How did Puzzle House become an archaeological site?
The artifacts and tree-ring dates from Puzzle House pueblo indicate that it was not used after AD 1250. The people that lived at Puzzle House likely moved to another pueblo about a mile away that was closer to water sources. Over time, Puzzle House pueblo eventually came apart and collapsed onto the ground. Pieces of the pueblo may have been used to build other villages in the area. When archaeologists began excavations at Puzzle House pueblo in 1992 it looked like stage four.
Stage 1: The plaster wears off of the walls and roof, exposing sandstone blocks and roof materials.
Stage 2: The roof gets holes and begins to fall in; dirt and garbage begin to fill rooms.
Stage 3: Roof collapses onto floor and chunks of sandstone walls tumble down on top of the dirt and garbage that has partially filled the rooms.
Stage 4: Sandstone walls continued to collapse to less than half their height, and stones tumbled into rooms on top of roof material and outside onto ground surface creating what looks like a mound of rubble.
How was the Puzzle House pueblo built?
From Investigating the Puzzle House Pueblo, Part Three: Archaeology
The Ancestral Puebloan People living at the Puzzle House Pueblo built the rooms in the pueblo from sandstone rocks covered with adobe. They chipped the sandstone into rectangular shaped blocks and used adobe mortar to cement the blocks in place and cover the walls. They built roofs out of large and small wooden beams.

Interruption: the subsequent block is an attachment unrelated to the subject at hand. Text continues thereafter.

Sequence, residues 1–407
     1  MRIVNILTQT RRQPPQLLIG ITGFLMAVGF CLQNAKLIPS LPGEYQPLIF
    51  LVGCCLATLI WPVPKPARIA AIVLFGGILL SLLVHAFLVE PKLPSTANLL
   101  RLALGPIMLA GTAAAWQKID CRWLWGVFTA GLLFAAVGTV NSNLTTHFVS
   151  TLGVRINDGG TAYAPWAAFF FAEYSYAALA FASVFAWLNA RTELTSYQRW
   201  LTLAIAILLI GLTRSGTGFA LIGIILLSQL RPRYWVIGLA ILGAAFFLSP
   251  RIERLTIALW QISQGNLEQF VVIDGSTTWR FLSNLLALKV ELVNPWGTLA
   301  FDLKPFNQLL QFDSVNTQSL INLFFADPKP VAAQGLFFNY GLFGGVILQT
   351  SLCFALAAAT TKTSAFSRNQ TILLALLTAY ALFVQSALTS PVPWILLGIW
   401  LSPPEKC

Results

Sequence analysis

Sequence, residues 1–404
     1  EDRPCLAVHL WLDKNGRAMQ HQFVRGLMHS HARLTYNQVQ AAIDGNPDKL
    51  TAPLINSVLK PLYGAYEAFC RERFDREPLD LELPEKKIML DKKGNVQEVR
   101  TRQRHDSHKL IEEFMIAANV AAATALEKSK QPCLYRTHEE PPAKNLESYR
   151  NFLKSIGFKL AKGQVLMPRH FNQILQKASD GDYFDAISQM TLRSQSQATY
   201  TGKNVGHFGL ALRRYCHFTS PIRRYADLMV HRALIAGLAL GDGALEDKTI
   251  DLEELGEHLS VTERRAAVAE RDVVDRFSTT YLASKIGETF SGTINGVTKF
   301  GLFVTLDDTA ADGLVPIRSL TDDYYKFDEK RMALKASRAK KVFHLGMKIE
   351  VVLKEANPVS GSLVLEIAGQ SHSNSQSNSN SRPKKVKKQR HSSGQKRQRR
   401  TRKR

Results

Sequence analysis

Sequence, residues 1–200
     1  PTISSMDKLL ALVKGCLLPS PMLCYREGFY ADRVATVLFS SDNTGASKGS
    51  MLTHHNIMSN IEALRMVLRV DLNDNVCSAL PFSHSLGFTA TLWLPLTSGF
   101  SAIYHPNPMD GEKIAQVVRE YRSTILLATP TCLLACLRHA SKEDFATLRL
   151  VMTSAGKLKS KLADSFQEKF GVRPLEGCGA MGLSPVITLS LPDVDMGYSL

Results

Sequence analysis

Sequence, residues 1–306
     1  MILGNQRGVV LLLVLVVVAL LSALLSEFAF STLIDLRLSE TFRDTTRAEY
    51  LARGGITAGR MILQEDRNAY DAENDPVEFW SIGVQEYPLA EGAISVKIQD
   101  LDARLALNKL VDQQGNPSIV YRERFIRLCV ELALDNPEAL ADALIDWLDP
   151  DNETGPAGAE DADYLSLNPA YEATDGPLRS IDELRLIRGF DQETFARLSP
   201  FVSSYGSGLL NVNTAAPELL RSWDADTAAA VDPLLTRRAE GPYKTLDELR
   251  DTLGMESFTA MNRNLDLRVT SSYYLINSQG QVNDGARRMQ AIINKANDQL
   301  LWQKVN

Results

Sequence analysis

The Puzzle House Pueblo had connected rooms and was only one story high. Sometimes, pueblos were two or more stories high and looked a lot like our apartment buildings. These buildings we call pueblos.
Another type of house was the kiva. These round buildings were most often built underground. Kiva walls were made of stone, dirt, and adobe. The roofs of the kiva were made out of wood and covered with a layer of earth. There was often an opening in the roof of the kiva where a ladder would be placed to climb down into the kiva.
Ladders were very important for reaching the rooftops of pueblos and for entering the underground kivas. Ladders were generally made from sturdy wood, such as oak or juniper. Because the ancestral Puebloans had no nails, they had to tie the rungs of the ladders to the posts or wedge them between two upright posts.
As you can imagine, building a house the ancestral Puebloan way was a lot of work!
Stage 1: Foundation trenches were dug and lined with large stones.
Stage 2: Sandstone blocks were layered and adobe was used as mortar to keep the stones in place.
Stage 3: The walls were covered with plaster on the inside and outside to protect them.
Stage 4: Large logs were cut and laid across the top of the walls to form a flat roof, and then smaller pieces of wood were laid across the beams. The top of the roof was then covered with clay plaster.
Stage 5: A hole is made in the flat roof and a ladder is placed inside for entry to below-ground rooms, such as kivas.